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Carbon Pricing and Global Warming: A Stock-flow Consistent Macro-dynamic Approach

Energy, Environment and Climate - Webinars
Date: Thursday, 05 April 2018

Venue: Online - See description

Presenter: Gael Giraud, Chief Economist and Executive Director of the Innovation, Research and Knowledge Directorate of the Agency for French Development

Moderator: Carlo Carraro, Professor at Ca’ Foscari University of Venice, IPCC WG3 Vice-Chair, CMCC@Ca’Foscari

Discussant: Francesco Bosello, Director of ECIP Division at the Euro-Mediterranean Center on Climate Change; Associate Professor at Statale University of Milan


Abstract
To what extent can a worldwide carbon pricing foster the transition towards a low-carbon economy and help mitigate the effects of global warming? The seminar will discuss the macroeconomic impact of carbon pricing and public subsidies and evaluate the extent to which these policies are sustainable. This is done by computing the probability to remain below two thresholds that are critical for the stability of our current economy and climate: 1) a temperature anomaly above +2°C (as set in the Paris Agreement) and 2) a global debt-to-output ratio.

We find that the upper-bound of the carbon pricing corridor advocated in the High-Level Commission on Carbon Prices (2017), when implemented together with additional public subsidies on abatement costs in the private sector, succeeds in driving the economy into the neighbourhood of a balanced growth path. With high probability, this would make it possible to cap the average Earth temperature deviation at below +2.5°C by the end of this century. Absent such strong public involvement, and provided it be captured through a sufficiently convex damage function, the impact of climate change on gross output and capital appears to be powerful enough to almost surely pull the state of the world economy towards a debt-deflationary field, potentially leading to forced degrowth in the second half of the twenty-first century. Such a flow of trajectories is characterised on shorter time scales by low growth, the rise of unemployment as well as private debt, low inflation and interest rates, together with a declining wage share. A stock-flow consistent, financial and non-linear macrodynamics with uncertainty, calibrated for the world economy is used for this analysis.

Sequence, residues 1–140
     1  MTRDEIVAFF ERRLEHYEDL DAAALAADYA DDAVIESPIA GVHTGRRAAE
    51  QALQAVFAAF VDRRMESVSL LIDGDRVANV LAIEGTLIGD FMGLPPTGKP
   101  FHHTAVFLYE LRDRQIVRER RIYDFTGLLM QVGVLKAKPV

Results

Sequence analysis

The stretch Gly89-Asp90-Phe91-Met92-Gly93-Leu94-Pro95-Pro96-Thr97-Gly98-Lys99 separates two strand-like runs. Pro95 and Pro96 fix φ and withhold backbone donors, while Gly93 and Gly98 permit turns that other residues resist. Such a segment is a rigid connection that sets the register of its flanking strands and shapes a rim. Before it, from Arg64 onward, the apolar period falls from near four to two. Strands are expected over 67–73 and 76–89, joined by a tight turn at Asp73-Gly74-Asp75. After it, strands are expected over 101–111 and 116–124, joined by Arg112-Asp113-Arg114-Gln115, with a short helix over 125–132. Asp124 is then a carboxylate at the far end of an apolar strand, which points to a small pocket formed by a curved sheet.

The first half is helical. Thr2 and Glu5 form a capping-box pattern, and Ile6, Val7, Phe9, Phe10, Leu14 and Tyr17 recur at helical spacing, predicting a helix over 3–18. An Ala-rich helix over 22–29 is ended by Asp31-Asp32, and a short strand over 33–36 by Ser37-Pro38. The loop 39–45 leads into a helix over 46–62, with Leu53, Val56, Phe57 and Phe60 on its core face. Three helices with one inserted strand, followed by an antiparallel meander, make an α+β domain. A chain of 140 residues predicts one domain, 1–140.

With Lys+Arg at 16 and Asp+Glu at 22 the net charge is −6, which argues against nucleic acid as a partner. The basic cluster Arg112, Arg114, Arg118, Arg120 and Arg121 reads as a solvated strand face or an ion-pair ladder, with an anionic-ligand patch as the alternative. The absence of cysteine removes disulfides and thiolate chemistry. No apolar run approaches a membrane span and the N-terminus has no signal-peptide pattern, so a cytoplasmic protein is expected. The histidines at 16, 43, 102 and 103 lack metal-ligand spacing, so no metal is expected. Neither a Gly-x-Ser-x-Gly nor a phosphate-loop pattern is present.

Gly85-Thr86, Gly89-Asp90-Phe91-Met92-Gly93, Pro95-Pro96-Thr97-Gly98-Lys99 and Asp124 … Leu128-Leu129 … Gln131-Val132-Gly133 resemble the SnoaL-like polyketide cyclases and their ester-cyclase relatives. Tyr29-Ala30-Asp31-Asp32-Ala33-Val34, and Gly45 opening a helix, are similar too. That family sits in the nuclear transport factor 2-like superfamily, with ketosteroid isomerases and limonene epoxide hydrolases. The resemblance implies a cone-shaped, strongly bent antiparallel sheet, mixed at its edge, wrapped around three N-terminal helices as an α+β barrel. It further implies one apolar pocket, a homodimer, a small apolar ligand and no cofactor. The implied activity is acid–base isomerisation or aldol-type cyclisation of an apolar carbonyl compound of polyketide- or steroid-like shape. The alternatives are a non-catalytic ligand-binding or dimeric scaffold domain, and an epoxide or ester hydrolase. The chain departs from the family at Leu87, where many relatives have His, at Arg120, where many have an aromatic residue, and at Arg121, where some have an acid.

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  • Thursday, 05 April 2018

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